Musculoskeletal disorders

We strive to understand what factors cause or contribute to musculoskeletal disorders (MSDs) and develop guidance on how to prevent them.
For many years, MSDs have been one of the biggest causes, if not THE biggest cause, of work-related sickness absence in the UK.  However, this is not just a ‘local’ problem and similar problems affect workers in many other countries.

Despite extensive efforts to tackle this problem (for example specific workplace legislation has been in place in the UK and much of Europe for over 25 years), statistics show that these efforts have had little impact on the problem.  The costs and burdens of this problem are immense. 

At a personal level the impact on individuals, their work, and their home life can be financially, psychologically, and socially disabling.

For the employer, the associated costs (both direct and indirect) quickly mount up and, for society, the burden of treating and supporting those unable to work creates a considerable strain on increasingly limited resources. Such considerations explain both the importance of this issue and the potential consequences of inaction.

At one time, MSDs were regarded as a consequence of heavy physical work affecting occupations such as coal miners, steelworkers, dockers, and construction labourers to name a few. However, it is now recognised that those in so-called ‘light’ jobs such as office workers are affected to a similar degree (although possibly more able to continue working than those in heavy jobs).  MSDs are widespread and common, especially (but not exclusively) with an ageing workforce.

Our research:

Our research spans many aspects of MSDs including:

  • basic research into the causes of MSDs
  • understanding the contribution made by work
  • gaining an understanding of ‘what works’ (and what doesn’t work)
  • developing this knowledge into help and guidance on how to prevent them

Understanding aspects of MSDs has been an element of our research almost since its inception.  In that time, building on a sound base of reliable and impartial research, our researchers have gained a strong reputation for their knowledge and expertise in the field. You can read more about our work in the case study below.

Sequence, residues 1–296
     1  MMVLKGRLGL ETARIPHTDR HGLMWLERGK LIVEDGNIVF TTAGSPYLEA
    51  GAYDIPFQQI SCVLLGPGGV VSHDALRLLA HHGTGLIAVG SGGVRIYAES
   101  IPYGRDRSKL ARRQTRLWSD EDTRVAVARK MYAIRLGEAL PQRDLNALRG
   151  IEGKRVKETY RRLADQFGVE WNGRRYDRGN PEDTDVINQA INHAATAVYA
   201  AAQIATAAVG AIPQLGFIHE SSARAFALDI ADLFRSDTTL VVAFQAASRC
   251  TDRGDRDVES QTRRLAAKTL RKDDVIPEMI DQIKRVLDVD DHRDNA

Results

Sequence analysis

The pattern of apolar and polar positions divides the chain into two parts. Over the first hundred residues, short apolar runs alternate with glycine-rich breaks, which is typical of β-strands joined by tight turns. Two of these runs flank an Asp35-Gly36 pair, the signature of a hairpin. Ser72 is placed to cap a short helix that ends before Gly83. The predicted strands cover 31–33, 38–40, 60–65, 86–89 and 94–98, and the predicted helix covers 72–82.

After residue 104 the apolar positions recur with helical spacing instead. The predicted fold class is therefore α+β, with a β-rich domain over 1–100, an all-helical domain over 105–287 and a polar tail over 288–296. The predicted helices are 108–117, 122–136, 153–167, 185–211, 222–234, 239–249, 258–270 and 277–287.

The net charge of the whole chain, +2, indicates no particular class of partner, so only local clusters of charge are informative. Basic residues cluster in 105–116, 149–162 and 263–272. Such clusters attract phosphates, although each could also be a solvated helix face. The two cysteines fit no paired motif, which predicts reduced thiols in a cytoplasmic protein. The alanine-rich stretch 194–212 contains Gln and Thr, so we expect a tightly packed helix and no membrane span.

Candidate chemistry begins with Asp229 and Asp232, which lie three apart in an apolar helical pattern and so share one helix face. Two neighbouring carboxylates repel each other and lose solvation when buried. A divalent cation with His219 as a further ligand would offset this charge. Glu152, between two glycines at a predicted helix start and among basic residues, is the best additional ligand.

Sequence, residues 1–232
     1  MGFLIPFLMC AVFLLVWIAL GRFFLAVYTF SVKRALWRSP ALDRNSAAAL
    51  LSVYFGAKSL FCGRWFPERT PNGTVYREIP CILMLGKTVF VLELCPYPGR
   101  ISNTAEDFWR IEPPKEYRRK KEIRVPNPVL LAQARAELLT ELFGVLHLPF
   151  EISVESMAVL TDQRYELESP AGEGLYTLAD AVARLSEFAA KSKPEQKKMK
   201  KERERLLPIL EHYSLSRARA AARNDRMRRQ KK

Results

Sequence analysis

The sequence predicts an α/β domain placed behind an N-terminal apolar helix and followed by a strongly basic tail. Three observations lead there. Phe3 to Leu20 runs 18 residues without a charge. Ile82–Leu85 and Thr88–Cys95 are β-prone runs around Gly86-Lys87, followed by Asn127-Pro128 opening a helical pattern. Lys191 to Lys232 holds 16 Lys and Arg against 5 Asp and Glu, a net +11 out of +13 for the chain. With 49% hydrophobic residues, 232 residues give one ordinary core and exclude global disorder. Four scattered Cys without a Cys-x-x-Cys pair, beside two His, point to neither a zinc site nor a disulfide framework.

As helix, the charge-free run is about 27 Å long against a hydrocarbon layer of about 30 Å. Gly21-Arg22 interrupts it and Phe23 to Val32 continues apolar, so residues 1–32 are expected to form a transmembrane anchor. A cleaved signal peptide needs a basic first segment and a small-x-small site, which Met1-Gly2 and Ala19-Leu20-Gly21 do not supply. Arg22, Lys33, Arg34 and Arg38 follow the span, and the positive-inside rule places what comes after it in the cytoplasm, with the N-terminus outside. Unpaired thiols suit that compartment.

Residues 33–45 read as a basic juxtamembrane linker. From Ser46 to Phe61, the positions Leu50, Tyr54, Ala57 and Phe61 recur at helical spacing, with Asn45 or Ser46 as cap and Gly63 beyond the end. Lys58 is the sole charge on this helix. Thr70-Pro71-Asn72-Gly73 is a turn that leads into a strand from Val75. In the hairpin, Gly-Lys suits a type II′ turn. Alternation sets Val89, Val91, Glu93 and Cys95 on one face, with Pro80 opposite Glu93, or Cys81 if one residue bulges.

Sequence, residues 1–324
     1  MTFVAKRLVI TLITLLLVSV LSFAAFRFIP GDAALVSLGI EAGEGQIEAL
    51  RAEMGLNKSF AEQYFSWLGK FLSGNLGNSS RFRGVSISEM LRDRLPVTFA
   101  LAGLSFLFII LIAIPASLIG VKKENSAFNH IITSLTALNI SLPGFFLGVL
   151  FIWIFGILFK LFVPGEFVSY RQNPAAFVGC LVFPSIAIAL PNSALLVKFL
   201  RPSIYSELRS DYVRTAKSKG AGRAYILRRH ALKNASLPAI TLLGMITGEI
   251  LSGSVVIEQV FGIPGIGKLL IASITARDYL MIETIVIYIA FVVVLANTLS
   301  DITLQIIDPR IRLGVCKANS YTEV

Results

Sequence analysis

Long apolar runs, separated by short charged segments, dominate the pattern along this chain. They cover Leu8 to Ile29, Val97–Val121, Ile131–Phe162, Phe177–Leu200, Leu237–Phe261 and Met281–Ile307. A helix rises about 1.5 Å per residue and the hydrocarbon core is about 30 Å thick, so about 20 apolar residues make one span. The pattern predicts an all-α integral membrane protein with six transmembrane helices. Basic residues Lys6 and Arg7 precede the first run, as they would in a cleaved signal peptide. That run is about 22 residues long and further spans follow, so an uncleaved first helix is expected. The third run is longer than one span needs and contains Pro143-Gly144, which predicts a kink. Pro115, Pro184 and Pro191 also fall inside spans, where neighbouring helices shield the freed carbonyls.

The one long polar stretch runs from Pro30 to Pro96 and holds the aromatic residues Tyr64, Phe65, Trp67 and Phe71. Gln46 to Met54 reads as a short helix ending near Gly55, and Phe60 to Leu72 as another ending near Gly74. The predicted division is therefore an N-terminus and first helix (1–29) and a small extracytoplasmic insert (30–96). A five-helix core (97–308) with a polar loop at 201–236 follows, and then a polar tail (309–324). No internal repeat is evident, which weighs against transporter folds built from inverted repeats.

• IOMworld Posted: yesterday
    New insight for Health & Safety managers – Focus your budget for optimal workplace safety & productivity. Read our… https://t.co/6p8o43Tv1d
  • IOMworld Posted: 2 days ago
    We are delighted that IOM’s Nathan Baker & Damien McElvenny will be speaking at the @SHWLive North conference on 14… https://t.co/L5zFuy0PX2
  • IOMworld Posted: 3 days ago
    Join us the @SHWLive North on 14/15 February at Manchester Central, where our experts will be delighted to answer y… https://t.co/qOauTYRS5g
  • IOMworld Posted: 8 days ago
    Staff at Basildon Hospital have been exposed to up to 29x the legal limit of nitrous oxide. We are encouraging hosp… https://t.co/MecOyP4hgc
  • IOMworld Posted: 9 days ago
    We are delighted that IOM’s Rebecca Canham will be hosting ‘5 changes to your work that science shows will improve… https://t.co/9QbEbif1lh
  • IOMworld Posted: 10 days ago
    We are delighted that IOM’s Nathan Baker will be hosting a seminar on 'Working into the future, why people matter m… https://t.co/OHcB3ShpyP
  • IOMworld Posted: 15 days ago
    IOM are excited to be hosting a collaborative focus group as part of 'Exposome Project for Health & Occupational Re… https://t.co/czvDll28zC
  • IOMworld Posted: one month ago
    From everyone at IOM, we want to wish you the best this festive season. Thank you to all of our clients, collaborat… https://t.co/msu9bzPqxy
  • IOMworld Posted: 2 months ago
    RT @claire_horwell: Nice work by my colleagues at the Institute of Occupational Medicine (@IOMworld) on the respirable crystalline #silica
  • IOMworld Posted: 2 months ago
    Read the independent report on #COVID and Occupational Impacts from the UK Injuries Advisory Council. IOM's John Ch… https://t.co/ibKrBhgyul